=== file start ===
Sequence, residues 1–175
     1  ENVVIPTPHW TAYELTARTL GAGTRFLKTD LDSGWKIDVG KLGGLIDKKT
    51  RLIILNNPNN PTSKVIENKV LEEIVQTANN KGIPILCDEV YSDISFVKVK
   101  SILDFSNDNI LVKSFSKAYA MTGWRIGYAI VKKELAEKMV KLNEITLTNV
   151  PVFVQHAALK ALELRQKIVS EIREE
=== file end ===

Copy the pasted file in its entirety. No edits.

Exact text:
Sequence, residues 1–175
     1  ENVVIPTPHW TAYELTARTL GAGTRFLKTD LDSGWKIDVG KLGGLIDKKT
    51  RLIILNNPNN PTSKVIENKV LEEIVQTANN KGIPILCDEV YSDISFVKVK
   101  SILDFSNDNI LVKSFSKAYA MTGWRIGYAI VKKELAEKMV KLNEITLTNV
   151  PVFVQHAALK ALELRQKIVS EIREE